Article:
In many industries throughout history, one invention or innovation can be given credit for ‘changing the game’. The Internet is a perfect example–it made some businesses newly viable and destroyed the business models of other industries. The invention of the fax machine made immediate document delivery viable, and a few years later their business met with the disruptive power of the Internet.
Bulletproof vests and body armor have a similar experience as the exponential improvement in synthetic fabrics and fibers during the early 1970’s changed the entire dynamic of the industry. It made available lightweight vests that are comfortable and effective. The ballistic protection industry would experience transformation from a supplier of ‘niche products’ to one supplying law enforcement, military personnel and a variety of other professions with an essential component of their equipment.
THE USE OF ADVANCED FIBERS IN BALLISTIC PROTECTION:
Throughout history, humans tried to use hard materials to provide protection from weapons. The first attempts at bulletproof vest design used a similar concept. The key breakthrough was the invention of Kevlar by Dupont. Bullet proof vests made of Kevlar for the first time in the late 1970’s. In the 1980s, the US and West German military began use of Kevlar-based vests.
Throughout history, humans have sought protection from weapon attacks based on a similar principle–employing materials hard enough to prevent damage. Cavemen used thick fur to protect against club strikes. Medieval knights used forged metal armor to negate attacks from edged weapons. This defensive strategy would remain essentially unchanged well into the 20th century. The initial development and refinement of bullet protection would attempt to do the same thing.
The ballistic defense paradigm would change completely in the 1960’s when DuPont scientists invented a synthetic material known as Kevlar. Lightweight and strong, it quickly proved revolutionary in industries as diverse as tire manufacturing and building musical instruments.
In the late 1970’s, Kevlar would find use for the first time in ballistic protection equipment. The US and West German military began the use of Kevlar vests in the 1980’s. Over the past 35 years, synthetic fibers have continued to improve and in the process ‘soft body armor’ became ubiquitous in law enforcement agencies and military forces all over the world.
HOW KEVLAR WORKS FOR BALLISTIC PROTECTION:
- Kevlar works to stop a bullet by disrupting its trajectory, deforming it structurally and dissipating its energy
- This is a radical departure from the historically prevalent use of hard materials
- There are different grades of Kevlar fabric for use in specific industries and applications
- The most common NIJ protection levels in law enforcement vests are NIJ Level II A, Level II, or Level III A
One question you’ll never see in a Kevlar vest review ‘are they safe?’ To explain why a lightweight fabric approximately 1/2 inch thick can stop bullets, it helps to understand the fundamental theory behind Kevlar.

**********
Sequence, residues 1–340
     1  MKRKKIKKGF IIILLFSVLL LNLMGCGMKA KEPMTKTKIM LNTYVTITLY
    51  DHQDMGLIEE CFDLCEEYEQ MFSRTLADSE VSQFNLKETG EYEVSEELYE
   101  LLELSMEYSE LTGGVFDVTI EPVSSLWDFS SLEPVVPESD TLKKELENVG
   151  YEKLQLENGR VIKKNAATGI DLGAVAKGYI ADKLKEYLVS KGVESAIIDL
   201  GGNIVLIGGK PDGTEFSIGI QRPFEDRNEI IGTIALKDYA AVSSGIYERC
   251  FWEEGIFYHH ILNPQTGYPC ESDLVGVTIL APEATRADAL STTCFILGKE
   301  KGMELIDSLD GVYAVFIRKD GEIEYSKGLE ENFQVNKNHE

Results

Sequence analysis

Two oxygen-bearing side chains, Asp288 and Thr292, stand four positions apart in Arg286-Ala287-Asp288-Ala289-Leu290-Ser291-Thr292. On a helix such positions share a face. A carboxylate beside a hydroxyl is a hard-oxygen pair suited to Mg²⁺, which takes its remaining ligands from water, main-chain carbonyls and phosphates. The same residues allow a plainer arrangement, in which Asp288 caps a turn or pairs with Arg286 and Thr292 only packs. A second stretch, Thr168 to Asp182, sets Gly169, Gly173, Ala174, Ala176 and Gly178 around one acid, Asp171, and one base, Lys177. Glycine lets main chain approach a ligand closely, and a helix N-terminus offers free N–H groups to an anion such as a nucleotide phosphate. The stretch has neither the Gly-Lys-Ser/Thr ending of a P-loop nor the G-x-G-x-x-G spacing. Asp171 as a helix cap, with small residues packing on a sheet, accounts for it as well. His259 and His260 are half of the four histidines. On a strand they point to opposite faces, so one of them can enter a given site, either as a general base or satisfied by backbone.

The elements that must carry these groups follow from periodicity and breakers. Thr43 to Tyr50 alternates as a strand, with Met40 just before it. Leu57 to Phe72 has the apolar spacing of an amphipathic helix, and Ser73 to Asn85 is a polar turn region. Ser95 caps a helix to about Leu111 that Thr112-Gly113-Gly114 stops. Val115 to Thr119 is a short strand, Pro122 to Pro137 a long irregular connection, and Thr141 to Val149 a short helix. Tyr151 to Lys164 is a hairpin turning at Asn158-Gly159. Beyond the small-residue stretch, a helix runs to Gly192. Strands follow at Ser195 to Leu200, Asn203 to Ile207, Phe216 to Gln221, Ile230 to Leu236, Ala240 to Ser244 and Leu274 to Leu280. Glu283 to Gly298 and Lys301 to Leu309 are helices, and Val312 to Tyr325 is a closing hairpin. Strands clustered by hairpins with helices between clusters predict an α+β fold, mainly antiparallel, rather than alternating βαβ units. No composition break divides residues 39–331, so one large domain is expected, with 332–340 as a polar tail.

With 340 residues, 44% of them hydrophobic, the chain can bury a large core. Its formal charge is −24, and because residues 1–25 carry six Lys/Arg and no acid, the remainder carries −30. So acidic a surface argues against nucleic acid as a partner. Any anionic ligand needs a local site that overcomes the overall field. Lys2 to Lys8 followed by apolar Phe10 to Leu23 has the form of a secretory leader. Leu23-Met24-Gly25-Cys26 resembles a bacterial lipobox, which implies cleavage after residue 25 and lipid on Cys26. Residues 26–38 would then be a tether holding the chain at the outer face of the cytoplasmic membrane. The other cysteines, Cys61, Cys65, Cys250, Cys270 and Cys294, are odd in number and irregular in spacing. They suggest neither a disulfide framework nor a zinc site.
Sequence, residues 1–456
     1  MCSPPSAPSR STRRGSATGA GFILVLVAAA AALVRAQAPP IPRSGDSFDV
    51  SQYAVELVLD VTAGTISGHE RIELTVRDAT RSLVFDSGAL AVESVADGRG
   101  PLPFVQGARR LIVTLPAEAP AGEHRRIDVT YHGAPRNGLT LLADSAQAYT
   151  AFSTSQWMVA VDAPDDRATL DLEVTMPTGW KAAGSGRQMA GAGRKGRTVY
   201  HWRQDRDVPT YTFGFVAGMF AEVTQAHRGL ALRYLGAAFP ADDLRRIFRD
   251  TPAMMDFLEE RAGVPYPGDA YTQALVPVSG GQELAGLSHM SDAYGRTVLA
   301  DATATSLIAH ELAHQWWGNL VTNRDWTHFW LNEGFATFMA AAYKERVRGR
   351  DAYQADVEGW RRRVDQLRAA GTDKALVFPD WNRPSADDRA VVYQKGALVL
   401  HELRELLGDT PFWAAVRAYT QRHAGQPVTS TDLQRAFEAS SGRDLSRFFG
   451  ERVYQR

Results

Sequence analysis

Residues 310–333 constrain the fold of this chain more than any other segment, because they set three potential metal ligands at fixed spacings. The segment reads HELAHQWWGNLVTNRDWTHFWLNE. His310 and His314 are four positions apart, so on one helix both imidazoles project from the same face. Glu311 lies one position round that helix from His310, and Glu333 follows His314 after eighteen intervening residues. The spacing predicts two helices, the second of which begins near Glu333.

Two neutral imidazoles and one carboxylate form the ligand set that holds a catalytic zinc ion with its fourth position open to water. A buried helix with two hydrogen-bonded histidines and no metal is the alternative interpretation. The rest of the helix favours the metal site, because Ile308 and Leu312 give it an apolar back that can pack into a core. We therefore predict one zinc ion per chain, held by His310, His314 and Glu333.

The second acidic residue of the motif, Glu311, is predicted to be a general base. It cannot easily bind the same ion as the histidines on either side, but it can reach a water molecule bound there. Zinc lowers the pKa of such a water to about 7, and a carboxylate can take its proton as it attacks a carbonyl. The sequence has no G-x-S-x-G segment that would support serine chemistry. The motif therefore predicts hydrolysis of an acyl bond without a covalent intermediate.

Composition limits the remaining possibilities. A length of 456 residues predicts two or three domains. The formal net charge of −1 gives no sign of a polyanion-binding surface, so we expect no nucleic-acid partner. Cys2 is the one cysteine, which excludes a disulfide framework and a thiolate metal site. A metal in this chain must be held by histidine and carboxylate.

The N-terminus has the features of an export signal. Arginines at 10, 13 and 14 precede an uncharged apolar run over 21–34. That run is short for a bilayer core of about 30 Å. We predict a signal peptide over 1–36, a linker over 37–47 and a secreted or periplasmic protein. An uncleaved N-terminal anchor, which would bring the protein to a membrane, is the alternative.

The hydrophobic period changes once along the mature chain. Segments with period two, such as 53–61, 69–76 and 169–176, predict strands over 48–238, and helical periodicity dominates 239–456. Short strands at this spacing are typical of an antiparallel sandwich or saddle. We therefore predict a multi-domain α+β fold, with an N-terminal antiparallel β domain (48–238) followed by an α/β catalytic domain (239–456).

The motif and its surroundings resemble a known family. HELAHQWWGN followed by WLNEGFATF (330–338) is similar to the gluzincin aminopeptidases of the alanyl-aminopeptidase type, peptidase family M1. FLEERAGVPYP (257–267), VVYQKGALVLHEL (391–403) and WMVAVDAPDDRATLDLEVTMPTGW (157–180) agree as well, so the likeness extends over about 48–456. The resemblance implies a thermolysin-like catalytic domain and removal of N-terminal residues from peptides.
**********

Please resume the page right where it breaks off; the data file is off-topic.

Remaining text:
Kevlar made it possible to produce body armor that would eliminate the ‘downsides’ of the hard vest–immobility and discomfort among the most enduring. At the same time, it made a complete break from the ‘materials hard enough to prevent damage’ approach.
Instead, Kevlar takes a more sophisticated approach. When a bullet strikes a soft vest, the Kevlar fabric dissipates much of its energy. At the same time, some of the energy will redirect back into the bullet itself, which causes it to flatten like a pancake further reducing its velocity. This analogy may be a very simplistic explanation of a very complex set of theoretical concepts, but it does provide a quick understanding of how fabric stops a bullet.
There are different grades of Kevlar fabric for use in specific applications. There are also different levels of a Kevlar vest determining it’s ‘stopping power’. The Kevlar grades most often used for ballistic protection are Kevlar K129, AP and 2KM. These variants have superior tensile strength that enhances the fabric’s inherent effectiveness.
The different levels of protection a Kevlar vest provides are measured using standards from the National Institute of Justice and known by the acronym ‘NIJ Standards’. The most common NIJ protection levels of vests in use by law enforcement are NIJ Level II A, Level II, or Level III A.
BUYING A KEVLAR VEST ONLINE:
- Law enforcement or military personnel can buy body armor online in any state
- Civilians must be 18 or older without a record of felony convictions
- The state of Connecticut prohibits civilians from ordering online
BulletProofMe.com is one of the best places online to buy ballistic protection gear
So where is the best place online to buy a Kevlar vest? Law enforcement or military personnel can buy body armor online in every US state. Civilians are also able to utilize online ordering in every state except Connecticut that requires ‘face to face sales’.
In addition, civilians must be able to buy bulletproof vests under Federal law that exempts convicted felons and minors (under age 18).
If you’re looking to buy a bullet proof vest online, it’s hard to beat BulletProofME.com. They are extremely knowledgable experts in every aspect of ballistic protection equipment.
BulletProofME.com also gets rave reviews from customers due to their competitive pricing, fast and efficient delivery and top notch customer service. Most importantly, they are attentive to every detail in the process of selecting, fitting and buying a bulletproof vest.